Alaska Journeys, Old and New

Alaska Journeys, Old and New

Alaska has always drawn adventurers. The first Alaskans trekked into undiscovered landscapes  or paddled skin boats across island chains and along arctic coastlines. Their journeys with simple, hand-crafted gear and complex knowledge of their environments instill envy and reverence in the hearts of modern wilderness travelers.

Millennia after the first Alaskans inhabited this wild land, vast tracts of undeveloped wilderness have become rare on our planet.  Many travel from far across the globe to taste of the magic of Alaskan wilderness.  For some, a few weeks exploring the state’s remote mountains, tundra, and rivers provide life-changing experiences. Others are teased by the mystique that lies beyond horizons glimpsed from cruise ships, tour buses, trains and luxury lodges.

49 Faces of Alaskan Adventure project is inspired by those who call Alaska home, and who deeply experience the unspoiled wild lands of the 49th state.  As we delve into their diverse and unique stories, we discover how much they hold in common. Some equip themselves with caribou hides, beaver fur, seal skin, and hand-crafted wooden sleds. Others adopt high-tech synthetic materials and ultra-light gear.  They choose different challenges and means of travel as they venture into vast tundra valleys, rugged coastlines, towering peaks, or wild river canyons. They may live in urban Anchorage or in small rural villages. Yet all of the Alaskan adventurers we meet are passionate about their freedom to explore wild country.  They can’t imagine life without opportunities to explore lands that have changed little since the days of the first Alaskans.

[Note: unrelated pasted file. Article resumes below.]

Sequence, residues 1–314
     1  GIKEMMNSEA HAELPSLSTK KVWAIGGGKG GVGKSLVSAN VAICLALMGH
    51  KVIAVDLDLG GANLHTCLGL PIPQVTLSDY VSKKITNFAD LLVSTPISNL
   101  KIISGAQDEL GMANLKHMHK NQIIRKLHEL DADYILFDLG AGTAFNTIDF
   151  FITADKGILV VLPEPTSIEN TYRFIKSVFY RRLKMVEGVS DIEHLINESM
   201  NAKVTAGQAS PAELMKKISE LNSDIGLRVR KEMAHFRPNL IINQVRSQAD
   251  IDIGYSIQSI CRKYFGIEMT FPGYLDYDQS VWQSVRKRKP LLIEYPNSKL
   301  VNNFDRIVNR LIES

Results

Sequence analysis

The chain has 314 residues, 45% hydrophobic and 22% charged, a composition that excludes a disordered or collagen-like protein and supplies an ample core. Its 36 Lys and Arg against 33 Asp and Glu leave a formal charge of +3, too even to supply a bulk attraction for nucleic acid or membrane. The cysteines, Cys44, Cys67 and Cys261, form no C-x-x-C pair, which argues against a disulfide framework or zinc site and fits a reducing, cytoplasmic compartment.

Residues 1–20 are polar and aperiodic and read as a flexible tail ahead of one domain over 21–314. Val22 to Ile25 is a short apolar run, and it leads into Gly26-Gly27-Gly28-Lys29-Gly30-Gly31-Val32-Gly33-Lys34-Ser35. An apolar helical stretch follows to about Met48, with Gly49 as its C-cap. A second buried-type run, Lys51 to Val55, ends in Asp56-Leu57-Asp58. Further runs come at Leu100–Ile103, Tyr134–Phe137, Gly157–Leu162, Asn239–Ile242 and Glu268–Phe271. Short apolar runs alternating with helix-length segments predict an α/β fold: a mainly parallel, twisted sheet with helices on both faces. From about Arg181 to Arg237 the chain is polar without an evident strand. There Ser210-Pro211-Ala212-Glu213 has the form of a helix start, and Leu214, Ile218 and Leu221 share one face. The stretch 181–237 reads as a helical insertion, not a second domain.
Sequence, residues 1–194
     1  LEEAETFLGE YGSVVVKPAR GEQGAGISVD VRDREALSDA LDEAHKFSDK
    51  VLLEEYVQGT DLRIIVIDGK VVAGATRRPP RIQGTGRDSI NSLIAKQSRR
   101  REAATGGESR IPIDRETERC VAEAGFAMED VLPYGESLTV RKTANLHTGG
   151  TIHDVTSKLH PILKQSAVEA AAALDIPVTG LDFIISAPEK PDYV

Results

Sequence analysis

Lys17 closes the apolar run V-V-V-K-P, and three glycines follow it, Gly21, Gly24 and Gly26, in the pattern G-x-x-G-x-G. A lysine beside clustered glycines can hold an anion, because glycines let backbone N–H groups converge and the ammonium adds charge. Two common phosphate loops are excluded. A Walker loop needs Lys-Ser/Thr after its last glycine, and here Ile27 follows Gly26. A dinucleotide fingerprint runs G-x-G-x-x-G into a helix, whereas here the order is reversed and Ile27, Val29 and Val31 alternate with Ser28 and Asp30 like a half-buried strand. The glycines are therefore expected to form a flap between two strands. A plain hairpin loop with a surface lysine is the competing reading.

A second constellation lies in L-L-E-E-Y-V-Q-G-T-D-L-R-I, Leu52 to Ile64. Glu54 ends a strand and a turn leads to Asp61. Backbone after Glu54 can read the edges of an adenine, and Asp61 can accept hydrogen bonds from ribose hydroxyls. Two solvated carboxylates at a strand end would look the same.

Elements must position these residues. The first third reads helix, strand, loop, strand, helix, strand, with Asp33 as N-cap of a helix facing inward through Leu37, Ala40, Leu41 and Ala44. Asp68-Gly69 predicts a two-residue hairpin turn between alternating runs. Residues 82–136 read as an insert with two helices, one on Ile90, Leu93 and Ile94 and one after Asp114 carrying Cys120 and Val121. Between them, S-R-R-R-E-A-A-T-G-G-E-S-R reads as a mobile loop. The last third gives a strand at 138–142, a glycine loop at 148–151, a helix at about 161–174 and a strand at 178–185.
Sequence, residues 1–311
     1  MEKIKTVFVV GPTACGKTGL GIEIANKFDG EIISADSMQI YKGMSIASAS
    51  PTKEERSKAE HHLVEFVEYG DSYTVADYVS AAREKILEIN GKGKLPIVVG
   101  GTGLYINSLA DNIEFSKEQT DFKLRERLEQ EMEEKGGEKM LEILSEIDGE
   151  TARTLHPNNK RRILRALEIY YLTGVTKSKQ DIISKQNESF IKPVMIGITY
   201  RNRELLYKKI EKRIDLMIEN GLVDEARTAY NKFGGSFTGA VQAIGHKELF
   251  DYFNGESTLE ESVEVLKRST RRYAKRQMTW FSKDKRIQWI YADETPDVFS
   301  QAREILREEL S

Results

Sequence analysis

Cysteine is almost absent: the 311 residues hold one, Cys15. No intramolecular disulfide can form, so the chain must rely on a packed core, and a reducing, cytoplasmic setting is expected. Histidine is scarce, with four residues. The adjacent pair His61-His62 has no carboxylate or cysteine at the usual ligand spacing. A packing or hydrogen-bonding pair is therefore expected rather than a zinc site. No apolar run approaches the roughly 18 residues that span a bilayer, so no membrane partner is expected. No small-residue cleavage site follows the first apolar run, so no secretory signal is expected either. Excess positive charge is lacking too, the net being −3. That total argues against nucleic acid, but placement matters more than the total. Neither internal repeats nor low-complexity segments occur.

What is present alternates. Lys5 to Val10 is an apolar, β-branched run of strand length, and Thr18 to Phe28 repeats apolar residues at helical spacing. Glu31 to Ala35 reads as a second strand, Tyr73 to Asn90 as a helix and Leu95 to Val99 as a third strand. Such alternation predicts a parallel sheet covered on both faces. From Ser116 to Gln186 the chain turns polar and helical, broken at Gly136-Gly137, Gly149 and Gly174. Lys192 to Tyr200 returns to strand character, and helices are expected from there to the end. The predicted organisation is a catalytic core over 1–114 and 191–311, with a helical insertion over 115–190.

A rare, nearly cloudless view of Alaska from Space - Photo by Jeff Schmaltz/NASA GSFC

A rare, nearly cloudless view of Alaska from Space – Photo by Jeff Schmaltz/NASA GSFC

Our world is changing faster than ever before. In a single lifetime, we’ve leapt from the first views of the planet from space to instant access of detailed satellite imagery from smartphones. In the 1980’s, wilderness travelers carried mirrors and pen flares. Now, satellite phones and SPOT messengers provide emergency communications.  Less than 50 years ago, much of Alaska’s wilderness lacked accurate maps. Today, adventurers plan routes with Google Earth and navigate with detailed digital topographic maps on GPS receivers.  Global access to imagery and information increase awareness of the dramatic effects that human activities have on our landscapes, oceans, and atmosphere.  Our “featured faces” are acutely aware of these consequences. They live deliberately and make sustainable choices.

We know that our many of our participants’ fellow adventurers are among our audience. We hope our iBook will reach those for whom wilderness Alaska is still a dream. We’ll offer glimpses beyond distant horizons to those intrigued with magic landscapes. We hope to inspire young people with stories and imagery of real Alaskans who competently and passionately pursue their dreams in wilderness. Perhaps our digital book will touch imaginations of a new generation of explorers.  We believe our future needs Alaskans who love wilderness as fiercely as our 49 Faces.